Thursday, 30 June 2016

Day 15 #blogjune - 6 reasons why I love my profession

Today's post will be short and sweet, and, I hope, encourage some discussion around my 6 reasons.  I have deliberately not given reasons why these reasons are important to me :)

  1. We make a difference in the lives of our communities.
  2. I continue to grow and learn.
  3. We champion the right to access to information for all people.
  4. Our field is constantly evolving and therefore never boring!
  5. Opportunities to specialise.
  6. I buy books, lots of books, and don't have to buy a bigger house :)
What are your thoughts?

Day 14 #blogjune - Presenting to an audience

Yesterday I wrote about my thoughts on students being taught presentation skills; today I thought I would cover what I learned in the process of teaching myself how to present.

I had to learn presentation skills myself.  I was accepted to give a presentation at a national conference and, after I was accepted, realised the magnitude of what I had let myself in for.  I had never presented, never really observed anyone present and had only been to 1 or 2 conferences.  To say I was overwhelmed was an understatement.

I set myself some tasks on how to actually present well to an audience (well, I hope I succeeded here!) and started to observe how people engaged with others.  This was internally (staff meetings etc), externally (board meetings, forums, seminars etc) and so on.  I found I didn't have to actually go to a conference to learn what engaged people and what made them lose interest.  Some of my key recommendations are summarised below:

Think about what is important to you when giving your presentation. Is it:
  • Engaging with the audience?
  • Reading your paper out loud?
  • Stimulating discussion and debate?
  • Being remembered?
Observe presenters.  Look at:
  • how they speak
  • their style
  • their interaction with the audience
  • what you like/don't like
Engage with the audience
  • Poll them at the start
  • Speak TO them, not AT them
Ideally, your presentation, if it is formal, should contain 3 parts:
  1. paper for publication
  2. presentation notes
  3. Slideshow
These suggestions have helped me prepare for over 50 presentations, so they do work.  Hopefully they can help you as well :)



Saturday, 25 June 2016

Day 13 #blogjune - Presentation skills

Today Rachel wrote about whether libraries should support/teach researchers on presenting to an audience.  I'm going to take a slightly different path and talk about whether library studies students (or indeed any student) should be taught presentation skills.  I do think this is a necessary skill to have in today's workplace. Even if some think they will never present in public or to an audience or at a conference, there needs to be some understanding that presenting is not just about the above three.  Very, very often nowadays, in the workplace, there is a need to highlight or showcase certain events/happenings/good news stories or provide updates to senior management on progress or make a case for something to proceed.  All of these require presentation skills.  Do all of these require a slide show? Not always...but what if you were asked to use one to support the points you were making? Or if, all of a sudden, you were told the Director was coming to a meeting where you were highlighting your plans for your team? And no, this does not always happen because you are in a management position.  The above examples happened to me when I was in officer roles.  I also know that some interview panels will request that a presentation happen during the interview (and again, this may not always be for a senior role...).  So yes, I do think students need to be taught presentation skills.  In a face to face environment, this may be easy.  Set an assessment, cover expectations, have them do research on good presenting/presenters and then have them present to the class.  But what happens if the student is studying via distance education?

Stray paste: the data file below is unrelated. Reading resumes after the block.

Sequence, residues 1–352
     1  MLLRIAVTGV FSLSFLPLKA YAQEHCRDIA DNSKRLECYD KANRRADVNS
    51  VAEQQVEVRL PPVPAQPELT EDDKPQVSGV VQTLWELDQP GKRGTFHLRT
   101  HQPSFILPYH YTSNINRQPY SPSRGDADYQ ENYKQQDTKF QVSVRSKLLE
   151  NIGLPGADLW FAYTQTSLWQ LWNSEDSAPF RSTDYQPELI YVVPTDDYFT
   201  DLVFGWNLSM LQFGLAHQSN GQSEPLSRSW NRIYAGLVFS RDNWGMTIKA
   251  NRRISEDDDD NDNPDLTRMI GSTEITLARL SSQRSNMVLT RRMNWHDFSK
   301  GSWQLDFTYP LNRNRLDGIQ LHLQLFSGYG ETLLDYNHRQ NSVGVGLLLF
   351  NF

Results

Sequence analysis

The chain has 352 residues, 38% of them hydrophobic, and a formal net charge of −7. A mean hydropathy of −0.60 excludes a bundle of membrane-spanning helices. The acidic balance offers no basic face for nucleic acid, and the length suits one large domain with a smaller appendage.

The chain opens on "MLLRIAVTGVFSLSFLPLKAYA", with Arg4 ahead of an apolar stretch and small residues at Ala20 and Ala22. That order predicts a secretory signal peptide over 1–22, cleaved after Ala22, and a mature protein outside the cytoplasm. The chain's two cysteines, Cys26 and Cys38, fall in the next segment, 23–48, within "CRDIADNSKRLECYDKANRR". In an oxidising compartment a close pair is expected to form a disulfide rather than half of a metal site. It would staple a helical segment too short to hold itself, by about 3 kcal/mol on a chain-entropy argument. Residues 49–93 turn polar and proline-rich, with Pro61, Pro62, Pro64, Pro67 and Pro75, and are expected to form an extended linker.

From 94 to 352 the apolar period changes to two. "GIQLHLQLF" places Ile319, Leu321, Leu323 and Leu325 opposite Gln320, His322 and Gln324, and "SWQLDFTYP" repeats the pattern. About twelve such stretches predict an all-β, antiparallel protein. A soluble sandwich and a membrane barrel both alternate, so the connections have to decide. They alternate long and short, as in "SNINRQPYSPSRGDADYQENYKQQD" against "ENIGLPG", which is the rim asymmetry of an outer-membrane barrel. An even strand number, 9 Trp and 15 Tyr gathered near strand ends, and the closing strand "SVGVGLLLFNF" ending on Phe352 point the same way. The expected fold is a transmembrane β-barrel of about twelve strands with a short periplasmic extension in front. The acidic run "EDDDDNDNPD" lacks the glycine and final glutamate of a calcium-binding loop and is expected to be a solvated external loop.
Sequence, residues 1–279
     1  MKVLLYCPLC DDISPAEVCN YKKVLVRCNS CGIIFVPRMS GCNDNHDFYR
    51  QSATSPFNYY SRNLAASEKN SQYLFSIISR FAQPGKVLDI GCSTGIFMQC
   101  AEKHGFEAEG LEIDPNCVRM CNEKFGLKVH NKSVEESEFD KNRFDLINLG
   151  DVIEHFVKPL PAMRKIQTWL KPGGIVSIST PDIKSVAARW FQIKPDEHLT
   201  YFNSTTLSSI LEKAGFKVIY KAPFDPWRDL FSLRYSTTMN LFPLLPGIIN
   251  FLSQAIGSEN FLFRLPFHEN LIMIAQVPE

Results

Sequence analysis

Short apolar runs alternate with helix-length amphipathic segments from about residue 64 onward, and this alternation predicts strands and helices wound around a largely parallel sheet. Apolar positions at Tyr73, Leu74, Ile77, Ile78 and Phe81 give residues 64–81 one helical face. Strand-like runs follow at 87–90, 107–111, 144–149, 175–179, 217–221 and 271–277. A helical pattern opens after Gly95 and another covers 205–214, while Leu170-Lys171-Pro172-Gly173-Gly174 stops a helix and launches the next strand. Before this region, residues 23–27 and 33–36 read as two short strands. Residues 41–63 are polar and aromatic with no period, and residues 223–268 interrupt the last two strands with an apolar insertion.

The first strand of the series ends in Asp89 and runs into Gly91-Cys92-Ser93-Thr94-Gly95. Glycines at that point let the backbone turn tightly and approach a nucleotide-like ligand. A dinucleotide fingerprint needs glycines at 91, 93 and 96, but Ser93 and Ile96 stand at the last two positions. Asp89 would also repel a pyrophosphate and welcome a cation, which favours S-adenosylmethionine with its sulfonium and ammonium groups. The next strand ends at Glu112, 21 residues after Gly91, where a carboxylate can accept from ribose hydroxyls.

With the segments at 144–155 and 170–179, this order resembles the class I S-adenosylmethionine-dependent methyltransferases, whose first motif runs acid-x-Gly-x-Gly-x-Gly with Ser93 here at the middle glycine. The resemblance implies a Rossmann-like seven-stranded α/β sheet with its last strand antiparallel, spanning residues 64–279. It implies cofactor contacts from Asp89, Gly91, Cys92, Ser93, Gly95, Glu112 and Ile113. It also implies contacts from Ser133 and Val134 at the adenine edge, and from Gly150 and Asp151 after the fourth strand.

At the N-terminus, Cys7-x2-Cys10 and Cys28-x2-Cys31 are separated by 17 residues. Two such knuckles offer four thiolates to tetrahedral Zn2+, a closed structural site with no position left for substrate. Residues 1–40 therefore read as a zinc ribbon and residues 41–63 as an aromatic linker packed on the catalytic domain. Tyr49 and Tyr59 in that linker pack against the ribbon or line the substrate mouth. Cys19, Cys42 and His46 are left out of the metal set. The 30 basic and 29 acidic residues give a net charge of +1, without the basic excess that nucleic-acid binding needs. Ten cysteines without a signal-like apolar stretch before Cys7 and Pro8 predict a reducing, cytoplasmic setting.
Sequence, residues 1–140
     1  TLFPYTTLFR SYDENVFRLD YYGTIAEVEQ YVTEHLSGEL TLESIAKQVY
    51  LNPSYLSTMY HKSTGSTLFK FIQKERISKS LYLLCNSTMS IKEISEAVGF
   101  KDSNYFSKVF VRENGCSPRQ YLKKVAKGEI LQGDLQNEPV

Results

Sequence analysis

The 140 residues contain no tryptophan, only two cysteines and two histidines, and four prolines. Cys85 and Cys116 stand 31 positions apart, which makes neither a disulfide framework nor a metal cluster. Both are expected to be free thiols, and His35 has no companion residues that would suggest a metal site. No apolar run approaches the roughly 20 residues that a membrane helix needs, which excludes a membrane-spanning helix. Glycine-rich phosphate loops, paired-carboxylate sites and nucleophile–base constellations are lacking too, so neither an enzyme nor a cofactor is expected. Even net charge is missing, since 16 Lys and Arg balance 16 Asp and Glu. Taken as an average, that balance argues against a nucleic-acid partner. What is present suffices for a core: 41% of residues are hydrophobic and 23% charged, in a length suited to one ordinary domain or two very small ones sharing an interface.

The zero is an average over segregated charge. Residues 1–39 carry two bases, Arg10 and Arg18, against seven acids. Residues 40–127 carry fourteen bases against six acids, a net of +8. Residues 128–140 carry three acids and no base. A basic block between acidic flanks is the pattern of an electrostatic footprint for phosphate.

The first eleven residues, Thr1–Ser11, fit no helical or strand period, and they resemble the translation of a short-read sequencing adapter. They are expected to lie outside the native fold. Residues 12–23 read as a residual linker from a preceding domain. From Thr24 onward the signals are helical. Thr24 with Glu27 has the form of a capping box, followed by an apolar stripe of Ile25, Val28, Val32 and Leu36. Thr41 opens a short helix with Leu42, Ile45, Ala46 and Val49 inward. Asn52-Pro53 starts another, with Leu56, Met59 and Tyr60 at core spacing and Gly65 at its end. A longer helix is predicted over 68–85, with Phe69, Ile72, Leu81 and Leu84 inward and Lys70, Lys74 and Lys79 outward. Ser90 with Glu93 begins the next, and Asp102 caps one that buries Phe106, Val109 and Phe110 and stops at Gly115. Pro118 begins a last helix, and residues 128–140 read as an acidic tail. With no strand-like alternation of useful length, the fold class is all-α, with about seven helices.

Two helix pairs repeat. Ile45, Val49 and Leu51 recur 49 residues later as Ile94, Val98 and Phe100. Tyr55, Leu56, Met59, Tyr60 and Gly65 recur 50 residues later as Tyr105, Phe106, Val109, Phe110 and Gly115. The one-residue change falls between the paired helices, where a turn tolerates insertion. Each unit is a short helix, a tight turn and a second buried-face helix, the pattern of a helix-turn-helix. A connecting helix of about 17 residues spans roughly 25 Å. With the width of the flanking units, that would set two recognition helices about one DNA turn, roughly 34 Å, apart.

This can still be done.  I have taught units where one of the assessments is a powerpoint presentation on a topic that is covered in the unit.  To go with this, there is a prose piece which is to be written as though the student is talking to the audience (so no formality required).  Although this may not help with confidence in actually presenting to an audience, it does cover off on the areas of text heavy slides, appropriate font to use, correct 'voice' to use, when to attribute and correct attribution and how much information is enough.  I've also taught a unit where one assessment is a presentation to a manager and can be purely audio (with no visuals) or a YouTube clip (including a voiceover on a slideshow).  I find this is an excellent opportunity for students to learn about the importance of presenting, their visual appearance (if they are filming themselves) and how to speak so the text on the slides support what is being said, rather than the slides being *everything* that is being said (which is so often the case).  Sadly, some don't take this seriously, as it is not a real life situation.